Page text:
Thoughts from our Domestic Equity Team
We think Shareholder Activism has become a serious market-moving event over the past few years, generally cheering shareholders and fomenting significant trading activity. In our view, social media has become one of the preferred methods of communicating an activists’ game plan to the investing world. It used to be called “talking one’s book”, but now it may more aptly be called “tweeting one’s book”, as adoring fans rush to the shares after a Twitter or other media pronouncement, and immediately the stock price rises, enhancing the value of the activists’ position.
Certainly, there are activists who do their work totally out of the spotlight and see themselves as Robin Hoods, bringing to light wasteful corporate structures and bloated expense ledgers with the aim of helping all other shareholders in distress. Over the years, many companies have come out of these battles stronger, leaner and more competitive; in short, with their activist partners, they have produced striking gains in shareholder value.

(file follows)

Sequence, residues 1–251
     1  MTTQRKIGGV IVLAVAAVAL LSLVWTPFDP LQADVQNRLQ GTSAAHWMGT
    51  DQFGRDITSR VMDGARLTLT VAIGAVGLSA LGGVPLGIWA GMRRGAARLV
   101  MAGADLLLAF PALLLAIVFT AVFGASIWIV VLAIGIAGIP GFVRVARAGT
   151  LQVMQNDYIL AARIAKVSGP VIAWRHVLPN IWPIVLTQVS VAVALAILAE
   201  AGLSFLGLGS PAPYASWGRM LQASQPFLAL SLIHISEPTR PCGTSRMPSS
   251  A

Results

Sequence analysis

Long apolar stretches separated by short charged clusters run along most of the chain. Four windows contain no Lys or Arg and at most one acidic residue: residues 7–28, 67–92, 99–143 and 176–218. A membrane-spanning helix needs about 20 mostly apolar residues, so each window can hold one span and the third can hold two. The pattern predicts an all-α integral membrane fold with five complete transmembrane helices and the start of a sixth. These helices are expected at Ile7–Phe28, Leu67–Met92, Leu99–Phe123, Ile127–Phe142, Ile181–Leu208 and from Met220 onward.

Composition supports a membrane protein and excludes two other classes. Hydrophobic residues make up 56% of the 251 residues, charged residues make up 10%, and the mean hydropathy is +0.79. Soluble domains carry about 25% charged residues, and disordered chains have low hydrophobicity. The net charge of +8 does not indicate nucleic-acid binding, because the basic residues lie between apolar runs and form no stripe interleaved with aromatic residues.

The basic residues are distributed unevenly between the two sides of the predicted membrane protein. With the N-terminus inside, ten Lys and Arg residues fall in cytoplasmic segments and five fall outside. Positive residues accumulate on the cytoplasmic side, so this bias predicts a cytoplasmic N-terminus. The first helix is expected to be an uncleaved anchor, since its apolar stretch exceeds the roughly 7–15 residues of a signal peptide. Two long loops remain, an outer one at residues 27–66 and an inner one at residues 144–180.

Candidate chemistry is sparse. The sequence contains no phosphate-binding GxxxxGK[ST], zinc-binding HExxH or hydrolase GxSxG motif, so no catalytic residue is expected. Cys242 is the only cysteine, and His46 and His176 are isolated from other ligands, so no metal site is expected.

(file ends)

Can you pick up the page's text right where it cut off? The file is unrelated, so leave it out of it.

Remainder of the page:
But unfortunately we are seeing many of these activists wield their power in different ways, often giving themselves a preferred position or forcing competent managements to make questionable decisions that have certainly not benefited average shareholders. The trick is to figure out which activists wear white hats and which have no more ability to manage a large complicated corporate structure than they often do in picking the right investments in their portfolios, on the long or short side.
At the moment, there are a dozen companies of size (greater than $1 billion of market capitalization) which have been targeted by activists since the start of the fourth quarter of 2013, and all are trading below the levels seen since the start of the agitation campaign. Clearly, there are other situations that have come to light during this same period which are showing positive momentum, but the mere presence of a shareholder activist does not guarantee a favorable outcome. We consider the influence of an activist or a situation that seems ripe for an activist in our investment thinking, but it is just one of many inputs we weigh, and by no means do we think such a factor assures a successful investment, especially without the myriad other considerations we seek in every investment we make.
Submitted by: Robert L. Meyer, CFA – Managing Director and Portfolio Manager
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